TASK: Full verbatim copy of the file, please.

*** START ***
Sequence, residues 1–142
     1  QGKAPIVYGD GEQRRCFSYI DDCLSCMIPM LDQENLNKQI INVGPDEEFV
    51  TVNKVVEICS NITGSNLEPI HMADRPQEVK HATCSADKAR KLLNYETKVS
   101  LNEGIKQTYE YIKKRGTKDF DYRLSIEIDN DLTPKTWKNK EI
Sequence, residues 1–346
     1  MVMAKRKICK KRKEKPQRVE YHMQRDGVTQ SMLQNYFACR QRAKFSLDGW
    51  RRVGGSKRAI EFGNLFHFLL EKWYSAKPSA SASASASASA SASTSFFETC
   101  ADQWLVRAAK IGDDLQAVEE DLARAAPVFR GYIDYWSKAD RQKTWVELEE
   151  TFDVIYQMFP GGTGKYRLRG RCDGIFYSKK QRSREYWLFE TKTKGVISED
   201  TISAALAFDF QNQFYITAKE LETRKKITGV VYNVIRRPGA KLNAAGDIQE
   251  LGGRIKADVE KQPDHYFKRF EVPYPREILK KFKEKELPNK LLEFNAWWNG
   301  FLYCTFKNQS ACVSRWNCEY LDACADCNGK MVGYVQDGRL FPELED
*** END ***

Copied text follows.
Sequence, residues 1–142
     1  QGKAPIVYGD GEQRRCFSYI DDCLSCMIPM LDQENLNKQI INVGPDEEFV
    51  TVNKVVEICS NITGSNLEPI HMADRPQEVK HATCSADKAR KLLNYETKVS
   101  LNEGIKQTYE YIKKRGTKDF DYRLSIEIDN DLTPKTWKNK EI
Sequence, residues 1–346
     1  MVMAKRKICK KRKEKPQRVE YHMQRDGVTQ SMLQNYFACR QRAKFSLDGW
    51  RRVGGSKRAI EFGNLFHFLL EKWYSAKPSA SASASASASA SASTSFFETC
   101  ADQWLVRAAK IGDDLQAVEE DLARAAPVFR GYIDYWSKAD RQKTWVELEE
   151  TFDVIYQMFP GGTGKYRLRG RCDGIFYSKK QRSREYWLFE TKTKGVISED
   201  TISAALAFDF QNQFYITAKE LETRKKITGV VYNVIRRPGA KLNAAGDIQE
   251  LGGRIKADVE KQPDHYFKRF EVPYPREILK KFKEKELPNK LLEFNAWWNG
   301  FLYCTFKNQS ACVSRWNCEY LDACADCNGK MVGYVQDGRL FPELED